Slouching Towards Blubberhouses by Tony Hannen – Review
By David Schuster
Yorkshire has been my adopted home now for thirty years, but it was only during last year’s exceptional summer that I started to explore beyond my usual haunts and realised how little I have really got to know this county. That’s the reason I was drawn to Tony Hannan’s excellent Slouching Towards Bubblerhouses, and found I’d stumbled upon just the thing; a witty and informative exploration of the places, people, history and humour that constitute ‘Yorkshireness’.
The book comprises of a series of observational pieces on the many aspects of this, the largest of the historic counties of the United Kingdom; landscape, language, history, sport and comedy, to name but a few, each chapter acting as a stand-alone essay. This format is eminently digestible and has the advantage that, should you not be particularly interested in a given subject, you can skip onto the next without losing the overall thread. With apologies to the author, who I know is a rugby league expert, I have to hold my hands up to skimming through the section on sports and sports personalities. Others might choose to do this with the chapters on history, which are much closer to my heart.
As with the rest of the subjects, Hannan deals with the county’s complex history with a light-hearted touch, though he wisely spreads it over two non-consecutive chapters for those with less of a love for the subject. I’ve come to realise that there are huge swathes of our country’s past events which either get glossed over or ignored altogether in school history lessons, whilst others, such as the antics of serial adulterer Henry VIII, seem to get unwarranted focus. The Wars of the Roses is one such case: It was a genuine revelation to me that this was not a conflict between the counties of Yorkshire and Lancashire, rather it was more of a North against South dynastic struggle for the throne. They didn’t even have the white and red roses as their emblems!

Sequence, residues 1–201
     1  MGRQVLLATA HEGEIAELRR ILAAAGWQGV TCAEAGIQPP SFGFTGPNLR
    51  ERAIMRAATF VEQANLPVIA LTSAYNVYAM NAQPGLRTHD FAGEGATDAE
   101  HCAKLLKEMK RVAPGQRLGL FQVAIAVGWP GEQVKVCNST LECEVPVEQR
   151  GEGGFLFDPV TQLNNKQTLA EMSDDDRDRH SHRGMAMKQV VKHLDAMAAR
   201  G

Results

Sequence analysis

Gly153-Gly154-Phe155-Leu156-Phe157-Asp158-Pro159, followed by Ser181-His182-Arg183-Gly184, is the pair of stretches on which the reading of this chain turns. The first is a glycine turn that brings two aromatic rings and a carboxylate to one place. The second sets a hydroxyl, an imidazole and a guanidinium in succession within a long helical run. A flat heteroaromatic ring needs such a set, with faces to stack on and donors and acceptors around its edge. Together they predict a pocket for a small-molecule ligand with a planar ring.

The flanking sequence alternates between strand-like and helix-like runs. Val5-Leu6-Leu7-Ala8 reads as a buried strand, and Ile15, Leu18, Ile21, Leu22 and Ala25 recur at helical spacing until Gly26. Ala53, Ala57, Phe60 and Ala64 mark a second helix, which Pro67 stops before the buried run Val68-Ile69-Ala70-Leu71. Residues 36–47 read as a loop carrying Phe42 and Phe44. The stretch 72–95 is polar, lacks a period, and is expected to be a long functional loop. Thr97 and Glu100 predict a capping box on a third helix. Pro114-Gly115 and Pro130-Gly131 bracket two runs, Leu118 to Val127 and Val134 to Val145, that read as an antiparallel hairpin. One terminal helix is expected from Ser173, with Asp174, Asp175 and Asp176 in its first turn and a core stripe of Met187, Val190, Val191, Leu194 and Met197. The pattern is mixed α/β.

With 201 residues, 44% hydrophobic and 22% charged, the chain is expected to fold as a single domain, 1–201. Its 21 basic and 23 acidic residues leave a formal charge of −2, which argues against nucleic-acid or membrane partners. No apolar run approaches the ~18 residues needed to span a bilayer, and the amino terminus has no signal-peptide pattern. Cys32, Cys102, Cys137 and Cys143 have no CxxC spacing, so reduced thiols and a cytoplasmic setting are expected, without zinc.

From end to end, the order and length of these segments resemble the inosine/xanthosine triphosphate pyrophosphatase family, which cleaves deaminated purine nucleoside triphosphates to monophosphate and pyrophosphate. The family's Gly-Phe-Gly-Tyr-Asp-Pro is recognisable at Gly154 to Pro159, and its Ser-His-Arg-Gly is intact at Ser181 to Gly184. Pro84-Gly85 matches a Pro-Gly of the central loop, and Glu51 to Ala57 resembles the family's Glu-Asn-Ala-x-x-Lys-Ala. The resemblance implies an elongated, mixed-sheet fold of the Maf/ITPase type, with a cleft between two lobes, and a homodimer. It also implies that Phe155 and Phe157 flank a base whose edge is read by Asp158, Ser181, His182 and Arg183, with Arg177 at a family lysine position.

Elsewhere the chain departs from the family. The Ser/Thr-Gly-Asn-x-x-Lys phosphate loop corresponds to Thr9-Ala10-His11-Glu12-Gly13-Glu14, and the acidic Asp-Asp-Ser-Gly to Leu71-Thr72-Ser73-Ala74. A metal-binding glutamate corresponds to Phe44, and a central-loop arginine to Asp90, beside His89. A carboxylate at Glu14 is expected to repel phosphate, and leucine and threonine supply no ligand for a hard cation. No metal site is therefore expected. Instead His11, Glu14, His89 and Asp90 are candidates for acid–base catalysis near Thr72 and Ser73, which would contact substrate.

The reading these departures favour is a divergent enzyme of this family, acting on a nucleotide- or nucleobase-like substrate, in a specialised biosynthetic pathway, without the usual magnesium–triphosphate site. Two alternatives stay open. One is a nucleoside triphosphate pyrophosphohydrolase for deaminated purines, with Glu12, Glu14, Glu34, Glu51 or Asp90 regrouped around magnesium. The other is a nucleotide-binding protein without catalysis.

“Entertaining and enjoyable”
A few years ago, before the building of the smart new Broadway shopping centre, I took my daughter to see Leeds’s Billy Pearce in pantomime. “I’ve got a Bradford advent calendar,” quipped Billy, “Trouble is, half the windows are boarded up!” The author, a Bradfordian himself, sensitively addresses how it can be that, what was once one of the most important cities in the British Empire has become the impoverished butt of so many jokes. I found this fascinating, having worked in Bradford for the last twenty years and therefore seeing at first-hand the city’s death throes and subsequent first signs of slow re-birth. He deals similarly with Hull, a city which has always been on the fringes, but who confounded their detractors by becoming City of Culture for 2017.
Slouching Towards Bubblerhouses allows you to draw your own conclusions on what constitutes ‘Yorkshireness’. For me it’s best illustrated by those who live in the villages in the Saddleworth area, geographically part of the historic West Riding but, since 1974, governed by the Metropolitan Borough of Oldham, Greater Manchester. Hannan asks a number of locals which county they are in and receives equally adamant responses of Yorkshire, Lancashire and Greater Manchester: Your cultural identity is thus what you believe it to be.
This is a great read for anybody who wishes to learn more about Yorkshire in an entertaining and enjoyable way, whether you were born in God’s Own County or not.
‘Slouching Towards Blubberhouses – A (Right Grand) Tour de Yorkshireness’ by Tony Hannan is published by Scratching Shed Publishing, £13.99 paperback